I was diagnosed with Epilepsy at 5 years old and was warned of potential learning disabilities. One neurologist even claimed I wouldn't be able to advance past second grade. Funny enough, It wasn't until second grade that I noticed that I had a tough time in class more so than others. The material just wasn't processing. I noticed I was falling behind and grew envious and angry when other kids did better than me. So I decided to try harder. I started reading in my free time and asked for extra help. Unintentionally, I started building my vocabulary and was slowly able to participate in class. It's funny how the jealousy of a child was able to turn into the ambition of a future college graduate. It was fifth grade when I realized it was my seizures that made it so hard to learn. That sent me spiraling and made me think that I was built to fail. I would've given up if it weren't for my teacher. His name was Mr. Crosby and god I hated him at the time. He would push my limits, force me into leadership roles in the classroom, He even made work specialized for me to study at home. He was also the only teacher I've ever had visit me in the hospital for my yearly stays. He showed me that I can be so much more than what others say I am. He believed in me when no one else did and I started to try. It proved to be beneficial because the next year I was placed in my elementary school's honors class. My teacher for that class was terrible, to say the least, and sucked at accommodating for students like me. But she did manage to teach me one thing. There was a particular day in class, where I completely just broke down. Home life was rough and school was overwhelming. So here I was, 11 years old balling my eyes out to this women while trying to explain my situation and all she does is stare me right in the eye. She practically told me that the only way out of the life I'm stuck in is through my education. Looking back at it now, it was probably her way of telling me to suck it up and get back into class but it stuck with me. Here I am now, a senior in high school taking AP classes and applying to colleges to further my education. I was able to form clubs and take leadership roles in my school and better my community. However, this is just the tip of the iceberg that is my life. You see, I was born and raised in San Diego to a single mother along with 4 other siblings. I’ve been through the foster system, been abused mentally and physically, and have been homeless three times before I was even 16 years old. I’ve lived in poverty my entire life with everyone around me stuck in the cycle. That mixed with my epilepsy and learning impediments, it was clear to see that everyone expected me to fail and get stuck here like they did. Thankfully, I have learned how to differentiate the good and the bad and have surrounded myself with a community of friends and mentors who wish to see me thrive. I’ve learned how to effectively advocate for myself and eventually others. I still have years of coping and reflecting to recover from the hardships I've faced, but I'm proud that my past won't get in the way of my future.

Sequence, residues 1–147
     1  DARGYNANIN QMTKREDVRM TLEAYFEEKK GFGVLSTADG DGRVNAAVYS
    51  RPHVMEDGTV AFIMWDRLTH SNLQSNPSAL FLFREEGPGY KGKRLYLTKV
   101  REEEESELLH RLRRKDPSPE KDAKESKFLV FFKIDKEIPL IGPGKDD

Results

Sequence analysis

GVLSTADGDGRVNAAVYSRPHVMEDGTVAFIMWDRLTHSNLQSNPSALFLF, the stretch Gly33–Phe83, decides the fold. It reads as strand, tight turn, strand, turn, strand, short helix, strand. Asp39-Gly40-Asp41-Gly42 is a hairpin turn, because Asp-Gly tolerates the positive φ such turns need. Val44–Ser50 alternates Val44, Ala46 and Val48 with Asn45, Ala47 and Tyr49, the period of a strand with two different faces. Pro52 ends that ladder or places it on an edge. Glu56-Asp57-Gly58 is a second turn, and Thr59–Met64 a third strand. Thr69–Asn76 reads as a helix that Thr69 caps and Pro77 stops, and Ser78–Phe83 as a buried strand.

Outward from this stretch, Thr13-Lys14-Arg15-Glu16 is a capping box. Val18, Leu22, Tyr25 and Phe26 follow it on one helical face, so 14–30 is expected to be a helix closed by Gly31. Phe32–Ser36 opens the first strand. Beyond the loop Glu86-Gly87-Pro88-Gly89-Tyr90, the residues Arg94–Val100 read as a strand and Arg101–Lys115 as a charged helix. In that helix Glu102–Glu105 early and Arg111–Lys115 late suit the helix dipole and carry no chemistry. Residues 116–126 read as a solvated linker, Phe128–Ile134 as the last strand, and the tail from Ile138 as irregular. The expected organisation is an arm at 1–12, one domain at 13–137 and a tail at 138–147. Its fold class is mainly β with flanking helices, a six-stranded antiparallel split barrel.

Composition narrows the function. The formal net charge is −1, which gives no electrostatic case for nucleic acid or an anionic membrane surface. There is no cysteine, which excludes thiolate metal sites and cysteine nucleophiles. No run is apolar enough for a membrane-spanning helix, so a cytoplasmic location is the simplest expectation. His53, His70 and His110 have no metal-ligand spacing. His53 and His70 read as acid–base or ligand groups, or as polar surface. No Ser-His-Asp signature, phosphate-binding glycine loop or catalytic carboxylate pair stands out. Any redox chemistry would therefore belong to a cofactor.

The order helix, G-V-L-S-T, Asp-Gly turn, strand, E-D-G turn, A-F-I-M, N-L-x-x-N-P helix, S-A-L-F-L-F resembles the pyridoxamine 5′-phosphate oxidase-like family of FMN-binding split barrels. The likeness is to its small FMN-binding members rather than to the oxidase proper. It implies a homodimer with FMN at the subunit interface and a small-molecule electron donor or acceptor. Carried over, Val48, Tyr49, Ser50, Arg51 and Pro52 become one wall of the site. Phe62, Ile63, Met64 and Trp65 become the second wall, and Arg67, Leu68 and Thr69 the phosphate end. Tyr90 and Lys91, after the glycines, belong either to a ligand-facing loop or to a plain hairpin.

Ryan Ekwoge
San Francisco State UniversityOakland, CA


When is the scholarship application deadline?

The application deadline is Jan 28, 2024. Winners will be announced on Feb 28, 2024.